Identifying opportunity gaps in the effective coverage cascade for prevention of anaemia among pregnant women in India

‘Effective Coverage’ cascades for prevention of anaemia among pregnant women in India have been developed using published results of National Family Health Survey – 5 (NFHS-5). Health Management Information System (HMIS) data from multiple states was also examined for the cascade. The measurement of ‘Effective coverage’ begins with required coverage; it takes into consideration health service contact coverage, crude coverage, quality adjusted coverage, user adjusted coverage and outcome adjusted coverage. The ‘effective coverage’ cascade is used to identify coverage gaps, quantify coverage at each step, determine where the largest gaps exist within the cascade and prioritize where actions are most urgent (Figure 1 and Table 1). Innovative and effective interventions can then be designed to specifically address the largest gaps. HMIS provides at least three of these indicators viz., estimates of pregnant women, numbers registered for antenatal care (ANC), and provided with 180 Iron and Folic Acid (IFA) tablets for the prevention of anaemia.

NFHS-5 data indicates that the ‘effective coverage’ of IFA supplementation among pregnant women is uniformly LOW across all states, with less than a third of all pregnant women effectively covered for the prevention of anaemia. States demonstrate variances in the cascade and in the levels of ‘effective coverage’ that range from less than 2% to about 32%.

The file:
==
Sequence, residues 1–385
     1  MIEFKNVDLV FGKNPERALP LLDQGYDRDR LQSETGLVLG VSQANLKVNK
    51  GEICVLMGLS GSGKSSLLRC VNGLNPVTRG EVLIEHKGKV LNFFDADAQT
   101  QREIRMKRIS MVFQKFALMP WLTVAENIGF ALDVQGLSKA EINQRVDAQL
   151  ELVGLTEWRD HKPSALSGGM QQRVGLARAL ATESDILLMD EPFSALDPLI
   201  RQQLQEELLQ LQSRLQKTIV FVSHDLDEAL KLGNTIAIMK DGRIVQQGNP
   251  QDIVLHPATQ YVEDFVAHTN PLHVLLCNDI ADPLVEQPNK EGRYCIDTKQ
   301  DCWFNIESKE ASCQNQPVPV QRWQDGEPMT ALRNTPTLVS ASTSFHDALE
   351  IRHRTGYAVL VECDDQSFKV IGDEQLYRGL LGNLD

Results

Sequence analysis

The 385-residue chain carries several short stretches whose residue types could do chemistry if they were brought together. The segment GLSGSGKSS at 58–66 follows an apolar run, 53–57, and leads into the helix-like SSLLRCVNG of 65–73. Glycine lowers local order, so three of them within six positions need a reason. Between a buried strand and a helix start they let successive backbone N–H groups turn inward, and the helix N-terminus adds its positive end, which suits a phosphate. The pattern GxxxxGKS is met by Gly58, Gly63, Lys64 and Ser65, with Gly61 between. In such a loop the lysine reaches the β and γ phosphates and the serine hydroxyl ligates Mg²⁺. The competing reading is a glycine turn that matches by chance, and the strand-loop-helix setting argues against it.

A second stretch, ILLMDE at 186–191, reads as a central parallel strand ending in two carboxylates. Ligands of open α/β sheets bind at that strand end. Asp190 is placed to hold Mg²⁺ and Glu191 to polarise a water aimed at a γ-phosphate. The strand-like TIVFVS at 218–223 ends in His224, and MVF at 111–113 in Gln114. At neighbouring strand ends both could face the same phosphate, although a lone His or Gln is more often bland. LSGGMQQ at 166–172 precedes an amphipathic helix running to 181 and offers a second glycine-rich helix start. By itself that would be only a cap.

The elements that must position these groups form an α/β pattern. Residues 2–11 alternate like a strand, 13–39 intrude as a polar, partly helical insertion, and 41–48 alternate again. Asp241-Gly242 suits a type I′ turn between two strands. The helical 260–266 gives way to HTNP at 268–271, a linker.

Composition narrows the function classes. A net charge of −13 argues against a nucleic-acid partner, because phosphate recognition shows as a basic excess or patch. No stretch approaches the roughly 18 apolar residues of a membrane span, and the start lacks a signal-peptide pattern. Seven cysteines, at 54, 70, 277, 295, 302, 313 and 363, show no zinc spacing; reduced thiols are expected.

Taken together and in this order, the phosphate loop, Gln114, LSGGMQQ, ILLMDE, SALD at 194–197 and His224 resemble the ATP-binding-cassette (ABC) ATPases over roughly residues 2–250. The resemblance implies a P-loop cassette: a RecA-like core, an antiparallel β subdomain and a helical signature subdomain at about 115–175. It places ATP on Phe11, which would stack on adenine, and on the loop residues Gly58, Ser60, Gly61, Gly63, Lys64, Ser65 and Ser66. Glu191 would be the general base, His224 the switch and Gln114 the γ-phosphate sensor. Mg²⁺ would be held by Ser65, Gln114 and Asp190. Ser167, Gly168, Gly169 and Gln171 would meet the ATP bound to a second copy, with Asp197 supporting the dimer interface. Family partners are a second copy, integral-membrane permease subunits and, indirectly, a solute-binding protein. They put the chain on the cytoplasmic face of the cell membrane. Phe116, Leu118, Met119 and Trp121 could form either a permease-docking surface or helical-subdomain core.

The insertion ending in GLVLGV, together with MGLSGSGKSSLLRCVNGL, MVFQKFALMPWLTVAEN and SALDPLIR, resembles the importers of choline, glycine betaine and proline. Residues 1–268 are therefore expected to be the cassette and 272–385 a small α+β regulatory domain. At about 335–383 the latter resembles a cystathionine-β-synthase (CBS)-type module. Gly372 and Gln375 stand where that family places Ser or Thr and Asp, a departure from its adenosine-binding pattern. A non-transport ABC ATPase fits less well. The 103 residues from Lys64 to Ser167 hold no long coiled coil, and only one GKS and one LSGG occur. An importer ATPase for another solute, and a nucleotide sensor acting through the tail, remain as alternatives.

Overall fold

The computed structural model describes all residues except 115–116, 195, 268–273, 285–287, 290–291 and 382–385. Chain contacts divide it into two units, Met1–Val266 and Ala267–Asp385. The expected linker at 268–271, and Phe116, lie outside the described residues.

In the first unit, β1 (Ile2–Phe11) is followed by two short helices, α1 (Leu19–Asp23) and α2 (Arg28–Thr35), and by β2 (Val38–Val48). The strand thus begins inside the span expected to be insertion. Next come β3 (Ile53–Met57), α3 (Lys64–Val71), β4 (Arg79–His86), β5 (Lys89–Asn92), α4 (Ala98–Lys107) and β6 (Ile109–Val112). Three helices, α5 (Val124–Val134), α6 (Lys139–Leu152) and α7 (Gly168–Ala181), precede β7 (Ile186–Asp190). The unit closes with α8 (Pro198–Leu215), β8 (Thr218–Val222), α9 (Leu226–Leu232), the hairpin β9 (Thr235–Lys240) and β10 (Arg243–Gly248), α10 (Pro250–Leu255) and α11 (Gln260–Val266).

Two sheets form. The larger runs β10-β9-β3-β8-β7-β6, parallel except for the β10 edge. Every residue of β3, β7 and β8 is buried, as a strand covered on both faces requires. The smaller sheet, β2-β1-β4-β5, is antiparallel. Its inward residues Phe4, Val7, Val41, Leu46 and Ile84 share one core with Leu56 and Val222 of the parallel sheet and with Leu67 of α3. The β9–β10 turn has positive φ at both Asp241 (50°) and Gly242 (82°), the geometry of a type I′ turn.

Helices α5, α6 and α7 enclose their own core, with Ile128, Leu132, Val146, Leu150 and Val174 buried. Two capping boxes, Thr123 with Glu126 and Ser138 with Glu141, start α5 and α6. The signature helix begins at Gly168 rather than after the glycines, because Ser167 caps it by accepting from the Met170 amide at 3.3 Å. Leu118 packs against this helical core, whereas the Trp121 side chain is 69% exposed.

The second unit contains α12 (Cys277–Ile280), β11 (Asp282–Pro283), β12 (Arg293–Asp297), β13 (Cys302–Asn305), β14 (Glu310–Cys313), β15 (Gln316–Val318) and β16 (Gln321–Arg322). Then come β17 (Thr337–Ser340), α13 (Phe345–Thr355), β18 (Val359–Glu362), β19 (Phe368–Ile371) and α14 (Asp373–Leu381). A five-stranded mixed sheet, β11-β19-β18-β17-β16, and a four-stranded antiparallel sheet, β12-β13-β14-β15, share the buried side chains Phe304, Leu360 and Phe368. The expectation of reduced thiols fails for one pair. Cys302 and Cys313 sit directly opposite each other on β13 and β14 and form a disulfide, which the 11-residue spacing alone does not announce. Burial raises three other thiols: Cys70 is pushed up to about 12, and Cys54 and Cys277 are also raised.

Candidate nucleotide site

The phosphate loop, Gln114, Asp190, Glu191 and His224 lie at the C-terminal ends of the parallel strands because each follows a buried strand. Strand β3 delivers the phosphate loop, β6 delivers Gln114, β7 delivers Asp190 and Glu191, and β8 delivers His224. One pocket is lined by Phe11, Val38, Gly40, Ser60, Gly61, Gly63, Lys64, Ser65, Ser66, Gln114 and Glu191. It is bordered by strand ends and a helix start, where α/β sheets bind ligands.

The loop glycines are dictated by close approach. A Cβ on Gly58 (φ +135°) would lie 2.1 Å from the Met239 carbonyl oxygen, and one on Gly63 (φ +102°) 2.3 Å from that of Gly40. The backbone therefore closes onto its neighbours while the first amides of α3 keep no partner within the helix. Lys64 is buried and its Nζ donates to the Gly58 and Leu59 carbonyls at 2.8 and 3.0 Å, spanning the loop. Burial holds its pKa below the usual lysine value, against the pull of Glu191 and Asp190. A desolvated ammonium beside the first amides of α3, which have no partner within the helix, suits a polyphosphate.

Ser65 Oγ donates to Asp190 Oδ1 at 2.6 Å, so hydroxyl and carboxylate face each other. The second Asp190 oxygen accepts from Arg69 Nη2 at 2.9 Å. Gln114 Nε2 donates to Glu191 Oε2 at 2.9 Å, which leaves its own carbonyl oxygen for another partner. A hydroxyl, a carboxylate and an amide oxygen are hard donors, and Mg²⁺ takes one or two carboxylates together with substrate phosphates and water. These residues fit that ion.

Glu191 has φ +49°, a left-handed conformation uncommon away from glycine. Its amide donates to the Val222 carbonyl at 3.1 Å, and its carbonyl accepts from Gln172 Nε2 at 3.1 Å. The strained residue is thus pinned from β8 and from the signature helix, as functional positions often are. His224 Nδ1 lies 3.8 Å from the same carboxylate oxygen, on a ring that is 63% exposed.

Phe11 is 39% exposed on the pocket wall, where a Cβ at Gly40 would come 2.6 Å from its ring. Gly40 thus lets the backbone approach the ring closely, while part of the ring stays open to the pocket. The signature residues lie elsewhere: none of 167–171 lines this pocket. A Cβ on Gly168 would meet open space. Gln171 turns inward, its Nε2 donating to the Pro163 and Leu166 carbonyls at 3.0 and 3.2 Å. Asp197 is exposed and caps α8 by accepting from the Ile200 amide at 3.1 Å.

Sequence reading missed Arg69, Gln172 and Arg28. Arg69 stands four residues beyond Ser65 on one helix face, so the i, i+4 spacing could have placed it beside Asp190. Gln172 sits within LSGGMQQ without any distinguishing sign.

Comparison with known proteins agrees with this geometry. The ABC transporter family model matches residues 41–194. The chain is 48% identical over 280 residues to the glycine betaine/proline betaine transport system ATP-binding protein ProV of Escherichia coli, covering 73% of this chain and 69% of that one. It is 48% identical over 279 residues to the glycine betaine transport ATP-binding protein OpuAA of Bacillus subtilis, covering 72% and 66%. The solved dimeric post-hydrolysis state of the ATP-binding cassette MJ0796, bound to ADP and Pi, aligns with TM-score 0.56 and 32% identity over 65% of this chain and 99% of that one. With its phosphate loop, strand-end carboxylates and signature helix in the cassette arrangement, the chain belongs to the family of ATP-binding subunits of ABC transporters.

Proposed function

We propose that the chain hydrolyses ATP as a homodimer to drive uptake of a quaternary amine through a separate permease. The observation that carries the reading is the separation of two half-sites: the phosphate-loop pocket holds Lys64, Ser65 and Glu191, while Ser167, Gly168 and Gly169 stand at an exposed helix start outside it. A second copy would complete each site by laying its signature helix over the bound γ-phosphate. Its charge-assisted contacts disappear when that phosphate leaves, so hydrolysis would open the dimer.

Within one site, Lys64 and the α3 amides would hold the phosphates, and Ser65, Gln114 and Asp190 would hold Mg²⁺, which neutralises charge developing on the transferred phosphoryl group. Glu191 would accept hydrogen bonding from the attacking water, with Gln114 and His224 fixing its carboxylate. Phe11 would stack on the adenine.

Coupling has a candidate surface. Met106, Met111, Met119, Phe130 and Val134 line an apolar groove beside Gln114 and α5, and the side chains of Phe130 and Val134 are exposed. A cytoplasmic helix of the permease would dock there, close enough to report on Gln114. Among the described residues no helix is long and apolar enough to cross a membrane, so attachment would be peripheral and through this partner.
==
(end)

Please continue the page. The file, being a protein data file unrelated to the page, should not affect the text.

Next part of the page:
The largest gap in the IFA cascade is in ‘user adjusted coverage’ denoting the proportion of pregnant women reporting having consumed IFA for 180 days. This drop is high in most states. In Jammu and Kashmir, despite high coverage (86.6%) of early registration in antenatal care, user adjusted coverage is less than 16%. The second largest and most consistent gap is between women who received any ANC versus those who received early ANC. Early ANC, or care during the first trimester, offers an opportunity to initiate IFA at the start of the second trimester, thus allowing compliance with guidelines to provide 180 days of IFA during pregnancy for anaemia prevention. We have used early ANC coverage as a proxy indicator for quality adjusted coverage, indicating the potential to receive IFA as per standards during ANC (i.e., for 180 days). This gap between any ANC and early ANC is also high ranging between 5-34% across states.

States may explore innovative methods to support user adherence to daily consumption of IFA for a period of not less than 180 days. Many states will also need to improve coverage rates for early (first trimester) registration of pregnant women. Finally, states could expand facility and community-based distribution systems to ensure uninterrupted availability of sufficient quantities of IFA during antenatal care sessions. NFHS surveys are conducted once in five years, whereas HMIS is available every year. HMIS can be used to track elements of the cascade annually, but the use of data is limited by its sub-optimal quality and restriction to public sector alone. HMIS quality can be improved by standardisation of indicator definitions and creation of mechanisms that amalgamate and validate data inputs, including private sector, to improve validity and timeliness.


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